The Archivists and Archives of Color Section is an essential group, informally known as AAC, that creates space and advocacy for archives and archivists of color. A section of the Society of American Archivists, AAC members are often at the forefront of thinking about how to partner with marginalized communities and steward community archives both physical and online. It is also an essential community of support for archivists of color.
Beautifully argued and written, suggesting (and further analyzing) practices of marking absences in history, and it is quite productive for those in processing, cataloging, digitization, and system design to consider how they might mark absences. From the article: “At saakaciweeyankwi, the annual Myaamia language camp in Indiana, a non-Miami man showed up one evening to speak with elders. He hoped to learn more about the history of the land where his wilderness preserve is located. After some conversation, we figured out that he wanted some tidbits to put on signs around the property with Miami names for landmarks and maybe something about the Miami who lived there. After those of us who run the camp discussed our response, we told him that there is no doubt that Miami people lived on that land. Unfortunately, there are no Myaamia names for those landmarks because those Miami were either forced to migrate west of the Mississippi River or they were massacred. Either way, those particular place names were lost along with the names of the people who kept them. I sincerely suggested that he put that on a sign.” Falzetti analyzes the potential of similar such markers in archives and special collections, which has interesting implications for the design of digital collection systems.
This study path asks learners to consider how their own possessions would be described and organized in a cultural heritage institution, and reflect on the assumptions behind how we describe and interpret cultural objects.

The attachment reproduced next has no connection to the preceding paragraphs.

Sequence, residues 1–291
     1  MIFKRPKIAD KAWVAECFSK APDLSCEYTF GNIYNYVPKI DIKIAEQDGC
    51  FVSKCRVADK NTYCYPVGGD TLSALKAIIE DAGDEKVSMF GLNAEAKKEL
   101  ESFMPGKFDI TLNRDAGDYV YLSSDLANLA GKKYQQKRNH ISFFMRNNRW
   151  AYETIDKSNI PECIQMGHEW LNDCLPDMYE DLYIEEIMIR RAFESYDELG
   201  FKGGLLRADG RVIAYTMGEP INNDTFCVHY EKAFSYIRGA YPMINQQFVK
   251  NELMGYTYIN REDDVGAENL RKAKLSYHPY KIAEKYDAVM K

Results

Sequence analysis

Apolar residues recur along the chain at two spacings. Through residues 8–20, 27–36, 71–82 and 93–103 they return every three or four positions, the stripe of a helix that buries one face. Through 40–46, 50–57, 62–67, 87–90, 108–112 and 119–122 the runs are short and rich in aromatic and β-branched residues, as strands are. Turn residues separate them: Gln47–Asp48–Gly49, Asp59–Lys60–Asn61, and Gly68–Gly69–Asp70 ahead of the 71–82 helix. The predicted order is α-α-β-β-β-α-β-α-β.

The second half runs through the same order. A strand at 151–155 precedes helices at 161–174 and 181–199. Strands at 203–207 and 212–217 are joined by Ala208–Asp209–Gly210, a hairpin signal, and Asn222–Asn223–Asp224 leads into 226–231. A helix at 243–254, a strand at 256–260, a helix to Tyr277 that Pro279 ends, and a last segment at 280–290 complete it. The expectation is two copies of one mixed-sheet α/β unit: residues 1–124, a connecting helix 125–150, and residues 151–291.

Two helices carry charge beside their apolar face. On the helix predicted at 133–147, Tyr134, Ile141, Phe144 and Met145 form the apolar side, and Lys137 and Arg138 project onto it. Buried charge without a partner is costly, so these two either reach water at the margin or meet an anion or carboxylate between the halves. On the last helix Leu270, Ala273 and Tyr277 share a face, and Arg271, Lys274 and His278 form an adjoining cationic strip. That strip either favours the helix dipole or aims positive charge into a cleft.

How do different types of media affect the representation of groups? This study path will look at examples of multimodal representation and also offer an opportunity to document a community using different modes of media.
This study path guides the learner through close examination of system documentation by highlighting the elements of how to write and read the documentation for content management systems, in this case Mukurtu.
The Indian Arts Research Center is a division of the School for Advanced Research, a 501(c)(3) not-for-profit educational institution established in 1907 to advance innovative social science and Native American art. Since 2010, the Indian Arts Research Center has “pioneered a radically participatory approach to the stewardship of its Native American art collection” through initiatives such as its Native American Artists Fellowships and extensive, no-cost programming for the Native Community. The IARC also led the development of the excellent Community + Museum and Museum + Community guidelines, created through a three-year period of collaboration between Native and non-Native museum professionals, cultural leaders and artists.
An excellent introduction to and definition of key terms such as critical race theory, microaggression, and social justice, clearly linking those terms to core archival concepts and processes such as how one defines and structures an archival “record”.
“This article introduces the application of Critical Race Theory (CRT) to archival discourse in order to demonstrate how such a critical and analytical approach can help identify and raise social and professional consciousness of implicit racial bias. To demonstrate the potential of CRT, the paper discusses how the terminology and methodological structures of CRT might be applied to some aspects of archival theory and practice. The paper concludes that CRT can contribute to a diversified archival epistemology that can influence the creation of collective and institutional memories that impact underrepresented and disenfranchised populations and the development of their identities.”